Introduction to Teaching Academic ESL Writing: A Proven Approach for Success (Part 1: Logical organization)

academic-writing

Academic writing

How to teach ESL writing

The ultimate goal of an academic ESL writing course is to help students develop the tools that they will be able to use in writing assignments in mainstream academic class like English composition, psychology, history, business etc.

The job of the ESL writing instructor is not, contrary to what some might think, to lead students to write deep or complex ideas.  That is what mainstream instructors will do.  Our job is to help them develop the tools or techniques that they can use to clearly organize and explain their ideas, no matter how simple or profound those ideas might be.

The success of this approach

At our college, we’ve based our academic ESL writing courses on teaching those tools.  To determine the effectiveness of our approach, we’ve track the success rate of students who have completed our academic ESL program.  Over the past 15 years, approximately 95% of those international students received an “A” or “B” in English 101.   In the years prior to using this approach, when the focus was on deep ideas and research papers rather than clarity of expression, only about 75% got an A or B.

What writing skills do students need?

The foundation of our writing courses is constructed on what skills mainstream instructors would like their in-coming (first-year) students to have. To find this out, I interviewed over 50 instructors at two universities and a community college.

In brief, all the mainstream instructors said they wanted students who (1) wrote with logical organization, (2) connected ideas clearly and (3) had control of grammar.

Do students need to know how to write research papers?

For those courses that would involve research papers, the instructors said that in addition to those three points above, they said it would be helpful if students understood how to paraphrase.  Interestingly, in contrast to what many academic ESL instructors assume, NO mainstream instructor said that first-year college students need to know how to write research papers before taking their course.  They said that they assumed that students (including native-speakers) would need to be introduced to that during their course.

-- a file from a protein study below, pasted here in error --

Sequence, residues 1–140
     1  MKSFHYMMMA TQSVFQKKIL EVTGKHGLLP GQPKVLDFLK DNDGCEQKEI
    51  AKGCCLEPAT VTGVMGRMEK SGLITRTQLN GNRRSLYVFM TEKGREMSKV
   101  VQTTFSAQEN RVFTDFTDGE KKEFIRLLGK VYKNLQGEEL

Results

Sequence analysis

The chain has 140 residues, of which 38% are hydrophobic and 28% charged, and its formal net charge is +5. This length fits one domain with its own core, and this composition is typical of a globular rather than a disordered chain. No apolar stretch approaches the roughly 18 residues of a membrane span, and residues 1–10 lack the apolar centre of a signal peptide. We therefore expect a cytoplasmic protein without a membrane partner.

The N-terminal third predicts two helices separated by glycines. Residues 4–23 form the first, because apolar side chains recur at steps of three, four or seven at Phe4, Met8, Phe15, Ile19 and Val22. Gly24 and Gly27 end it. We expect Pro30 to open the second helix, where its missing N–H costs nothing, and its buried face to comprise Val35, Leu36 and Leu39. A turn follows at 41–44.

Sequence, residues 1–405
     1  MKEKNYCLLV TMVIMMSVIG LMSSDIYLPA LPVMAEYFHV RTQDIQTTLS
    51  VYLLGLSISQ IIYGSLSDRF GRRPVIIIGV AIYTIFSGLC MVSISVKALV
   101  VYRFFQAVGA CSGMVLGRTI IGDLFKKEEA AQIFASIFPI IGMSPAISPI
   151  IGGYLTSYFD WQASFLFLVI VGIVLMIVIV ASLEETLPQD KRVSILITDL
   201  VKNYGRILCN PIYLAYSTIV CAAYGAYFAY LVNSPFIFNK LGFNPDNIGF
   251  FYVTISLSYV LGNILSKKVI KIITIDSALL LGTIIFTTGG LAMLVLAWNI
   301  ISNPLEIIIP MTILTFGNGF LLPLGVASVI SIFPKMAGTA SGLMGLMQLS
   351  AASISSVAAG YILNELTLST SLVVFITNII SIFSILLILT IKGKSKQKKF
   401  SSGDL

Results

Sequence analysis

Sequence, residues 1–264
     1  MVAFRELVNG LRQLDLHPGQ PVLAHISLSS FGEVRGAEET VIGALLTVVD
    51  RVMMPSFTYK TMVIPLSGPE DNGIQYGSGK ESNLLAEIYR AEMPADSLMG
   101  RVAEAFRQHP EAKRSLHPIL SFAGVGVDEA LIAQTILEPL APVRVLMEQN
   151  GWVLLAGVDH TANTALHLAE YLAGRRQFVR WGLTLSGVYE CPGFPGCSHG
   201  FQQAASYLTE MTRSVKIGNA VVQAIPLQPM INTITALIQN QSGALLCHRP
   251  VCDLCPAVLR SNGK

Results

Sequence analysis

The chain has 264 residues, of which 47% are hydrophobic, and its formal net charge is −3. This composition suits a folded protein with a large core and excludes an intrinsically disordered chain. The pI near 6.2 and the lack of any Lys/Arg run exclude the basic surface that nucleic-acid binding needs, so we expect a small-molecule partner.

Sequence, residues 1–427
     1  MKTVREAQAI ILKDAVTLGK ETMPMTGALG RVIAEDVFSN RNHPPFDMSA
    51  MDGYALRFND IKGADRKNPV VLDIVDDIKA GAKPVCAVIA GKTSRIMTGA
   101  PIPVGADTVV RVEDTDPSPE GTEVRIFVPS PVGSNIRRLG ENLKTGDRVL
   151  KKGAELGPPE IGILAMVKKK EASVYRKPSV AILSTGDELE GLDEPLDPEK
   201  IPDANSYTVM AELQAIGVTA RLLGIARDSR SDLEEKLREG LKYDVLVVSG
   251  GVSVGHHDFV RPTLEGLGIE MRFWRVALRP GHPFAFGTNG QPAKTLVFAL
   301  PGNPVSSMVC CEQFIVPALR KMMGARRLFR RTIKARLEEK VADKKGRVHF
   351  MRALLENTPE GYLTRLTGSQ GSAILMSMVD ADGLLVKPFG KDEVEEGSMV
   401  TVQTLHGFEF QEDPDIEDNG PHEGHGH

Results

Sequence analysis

Tools and techniques that we can teach our ESL students

Three important concepts that guide our teaching of writing: logical organization, connecting ideas and control of grammar.

Logical organization.  Native-English speakers have an expectation about how a piece of writing should be organized.  Usually, there is an introduction which includes a one-sentence summary of the main point (thesis statement).  We can teach our students techniques for writing these well.

There is an expectation that each paragraph will have a controlling idea (topic sentence).  We can teach our students how to write clear topic sentences.

Also, paragraphs will include details which will help the reader better understand the controlling idea.  Some of the techniques we can teach our students for adding details are:

            give examples

            tell your experiences

            tell information from own country/culture

            news

            hypothetical situations

We can also teach our students a variety of ways to write interesting conclusion.

A common term related to ESL writing is modes.  These are the most common ways that American students are taught how to organize their ideas.  Some common modes are compare and contrast, cause and effect, narration, and argumentation.

Many (most?) international students have little background in these prior to taking ESL classes.

Although Americans don’t usually approach a writing topic and start by deciding which mode to use, we are familiar with how to organize our ideas in logical ways that will help the reader understand us.  By teaching the modes to our ESL students, we are giving them tools that they can draw from.

In the posting for Part 2,  Introduction to Teaching Academic ESL Writing: A Proven Approach for Success (Part 2 Connecting ideas & Grammar), I will explain the other two important concepts: connecting ideas and control of grammar.

David Kehe

 

 

 

 

 

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